How to Dye Your Velour

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Update your velour tracksuit with fabric dye.
Update your velour tracksuit with fabric dye. (Image: Jupiterimages/Photos.com/Getty Images)

Update drab color plush textiles such as velour with fabric dye. Velour may seem challenging to dye because of the pile. Read the fabric content label prior to choosing a dye solution. Cotton velour requires fiber reactive dyes, while polyester velour calls for disperse dye. Natural fiber reactive dye bonds around the cellulose fiber molecule forming a permanent color bond. Fabric dyeing can cause natural shrinkage of the original width and length dimensions. Always remember to adjust patterns by adding shrinkage percentages to the width and length prior to dyeing velour fabric.

Things You'll Need

  • Water
  • Plastic container
  • Bucket (optional)
  • Latex gloves
  • Respirator
  • Reactive dye
  • Mixing stick
  • Plastic spatula
  • Table salt
  • Mesh fabric drying rack

Pour hot water in a sturdy plastic container or bucket. Small containers not covering the entire piece of fabric with the dye bath produces a spot-dye or an uneven color tone. If you are working with cool water reactive dyes, refer to your brand’s temperature requirement.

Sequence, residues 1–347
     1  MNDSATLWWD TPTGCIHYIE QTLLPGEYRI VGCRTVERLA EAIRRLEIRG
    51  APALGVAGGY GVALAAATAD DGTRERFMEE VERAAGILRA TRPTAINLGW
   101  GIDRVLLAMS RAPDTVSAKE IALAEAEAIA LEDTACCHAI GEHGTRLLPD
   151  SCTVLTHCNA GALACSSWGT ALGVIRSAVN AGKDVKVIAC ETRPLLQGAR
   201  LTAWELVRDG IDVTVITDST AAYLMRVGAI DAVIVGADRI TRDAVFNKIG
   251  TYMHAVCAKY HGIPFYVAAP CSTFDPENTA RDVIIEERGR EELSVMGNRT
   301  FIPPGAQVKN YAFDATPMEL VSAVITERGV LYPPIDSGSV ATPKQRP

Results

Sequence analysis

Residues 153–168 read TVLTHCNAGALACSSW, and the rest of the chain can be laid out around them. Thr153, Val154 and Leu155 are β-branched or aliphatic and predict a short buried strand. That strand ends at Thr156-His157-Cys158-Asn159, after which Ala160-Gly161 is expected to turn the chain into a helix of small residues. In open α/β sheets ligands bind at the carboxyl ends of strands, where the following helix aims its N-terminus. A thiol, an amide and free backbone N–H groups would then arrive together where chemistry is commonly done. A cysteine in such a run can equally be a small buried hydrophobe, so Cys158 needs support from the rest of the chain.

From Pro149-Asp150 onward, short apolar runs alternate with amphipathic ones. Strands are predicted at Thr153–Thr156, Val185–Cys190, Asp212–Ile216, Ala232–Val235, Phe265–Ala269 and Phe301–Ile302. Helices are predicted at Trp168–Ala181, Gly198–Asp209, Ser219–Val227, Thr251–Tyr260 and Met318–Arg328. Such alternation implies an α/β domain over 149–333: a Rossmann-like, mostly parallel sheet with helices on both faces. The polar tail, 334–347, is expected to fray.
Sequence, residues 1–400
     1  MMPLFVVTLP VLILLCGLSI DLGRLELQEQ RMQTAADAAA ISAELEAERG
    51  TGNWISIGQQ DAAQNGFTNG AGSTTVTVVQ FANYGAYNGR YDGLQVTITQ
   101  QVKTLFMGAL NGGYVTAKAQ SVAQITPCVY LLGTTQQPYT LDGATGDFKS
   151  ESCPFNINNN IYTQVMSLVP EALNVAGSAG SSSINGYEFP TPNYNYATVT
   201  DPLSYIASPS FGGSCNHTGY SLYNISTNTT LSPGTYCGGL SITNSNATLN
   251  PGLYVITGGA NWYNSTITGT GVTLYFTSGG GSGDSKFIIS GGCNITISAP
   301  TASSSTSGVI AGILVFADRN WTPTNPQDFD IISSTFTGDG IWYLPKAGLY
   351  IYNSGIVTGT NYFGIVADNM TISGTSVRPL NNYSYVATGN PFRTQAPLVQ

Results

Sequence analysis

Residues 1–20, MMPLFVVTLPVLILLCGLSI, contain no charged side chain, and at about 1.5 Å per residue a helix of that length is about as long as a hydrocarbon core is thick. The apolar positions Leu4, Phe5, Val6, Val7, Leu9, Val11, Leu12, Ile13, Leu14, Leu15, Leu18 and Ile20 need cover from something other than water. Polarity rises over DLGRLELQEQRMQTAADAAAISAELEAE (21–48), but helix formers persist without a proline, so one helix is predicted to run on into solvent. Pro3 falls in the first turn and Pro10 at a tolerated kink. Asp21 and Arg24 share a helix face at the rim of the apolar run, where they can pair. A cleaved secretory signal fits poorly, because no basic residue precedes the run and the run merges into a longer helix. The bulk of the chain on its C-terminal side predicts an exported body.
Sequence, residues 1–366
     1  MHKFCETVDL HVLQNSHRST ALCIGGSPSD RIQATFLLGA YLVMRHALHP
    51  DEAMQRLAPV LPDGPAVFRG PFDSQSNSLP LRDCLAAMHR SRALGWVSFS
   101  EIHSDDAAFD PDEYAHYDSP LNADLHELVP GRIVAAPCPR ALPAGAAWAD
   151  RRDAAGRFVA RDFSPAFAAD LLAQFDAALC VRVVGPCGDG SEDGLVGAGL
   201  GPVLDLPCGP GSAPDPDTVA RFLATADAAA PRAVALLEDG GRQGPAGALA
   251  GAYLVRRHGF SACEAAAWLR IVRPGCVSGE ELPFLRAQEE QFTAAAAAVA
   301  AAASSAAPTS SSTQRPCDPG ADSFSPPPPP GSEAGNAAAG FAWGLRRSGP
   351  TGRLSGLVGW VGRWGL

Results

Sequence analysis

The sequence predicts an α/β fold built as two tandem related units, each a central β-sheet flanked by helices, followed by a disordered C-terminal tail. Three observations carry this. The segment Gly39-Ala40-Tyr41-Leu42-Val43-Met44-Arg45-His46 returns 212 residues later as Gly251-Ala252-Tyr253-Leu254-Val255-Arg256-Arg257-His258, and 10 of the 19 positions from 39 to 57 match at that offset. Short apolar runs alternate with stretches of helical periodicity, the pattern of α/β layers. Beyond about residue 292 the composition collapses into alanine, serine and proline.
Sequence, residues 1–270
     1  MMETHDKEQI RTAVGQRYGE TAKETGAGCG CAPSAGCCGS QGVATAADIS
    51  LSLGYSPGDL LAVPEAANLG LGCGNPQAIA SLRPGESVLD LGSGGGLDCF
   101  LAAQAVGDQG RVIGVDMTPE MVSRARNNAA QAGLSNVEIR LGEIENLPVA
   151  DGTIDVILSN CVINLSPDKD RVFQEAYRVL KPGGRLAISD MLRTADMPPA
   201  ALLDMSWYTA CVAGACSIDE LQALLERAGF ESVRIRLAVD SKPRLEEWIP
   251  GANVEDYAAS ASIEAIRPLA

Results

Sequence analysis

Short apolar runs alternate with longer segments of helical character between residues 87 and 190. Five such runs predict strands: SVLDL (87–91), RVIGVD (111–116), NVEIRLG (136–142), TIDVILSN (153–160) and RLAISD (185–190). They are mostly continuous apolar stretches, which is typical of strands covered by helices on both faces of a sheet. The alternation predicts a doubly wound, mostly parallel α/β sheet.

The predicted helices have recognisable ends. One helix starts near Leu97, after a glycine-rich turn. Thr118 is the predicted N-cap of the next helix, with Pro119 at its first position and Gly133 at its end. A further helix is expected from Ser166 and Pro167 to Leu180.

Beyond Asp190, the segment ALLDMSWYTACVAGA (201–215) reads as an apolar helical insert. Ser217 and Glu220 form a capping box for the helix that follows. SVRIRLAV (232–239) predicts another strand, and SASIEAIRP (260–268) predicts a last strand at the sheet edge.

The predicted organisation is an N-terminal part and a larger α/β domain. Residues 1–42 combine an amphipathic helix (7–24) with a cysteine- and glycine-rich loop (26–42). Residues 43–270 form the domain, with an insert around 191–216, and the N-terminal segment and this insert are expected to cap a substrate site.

Wear latex gloves, a respirator and old clothing prior to mixing. Dye often splatters when immersing and removing the fabric and can permanently damage the garments you are wearing. Dyes release toxic fumes so it is best to work in a well-ventilated area.

Add the reactive fabric dye to the hot water and blend with a mixing stick. Use a plastic spatula to break apart any dye clumps that can form at the bottom of the container. If the clump seeps into the velour, it results in unwanted saturated color spots.

Add 1 tsp. table salt as you continue to stir the dye. Read your brand’s instructions for exact measurement requirements. Certain dye brands do not require salt.

Unfold the velour fabric. Immerse one end into the dye bath and continue to feed the remaining fabric into the container until it is fully covered with dye.

Stir the fabric in the container to saturate all sides of the velour. Make sure the fabric does not bunch or fold, preventing the reactive dye from bonding evenly to the velour fibers and pile.

Let the fabric sit in the dye bath according to your brand’s instructions. Most brands suggest a minimum of 30- to 40- minutes.

Remove the velour from the dye. Rinse in cool water several times until the dye runs clear.

Set the wet velour, pile side facing up, on a mesh fabric drying rack to air dry for a minimum of 24 hours. This process allows the dye to thoroughly set.

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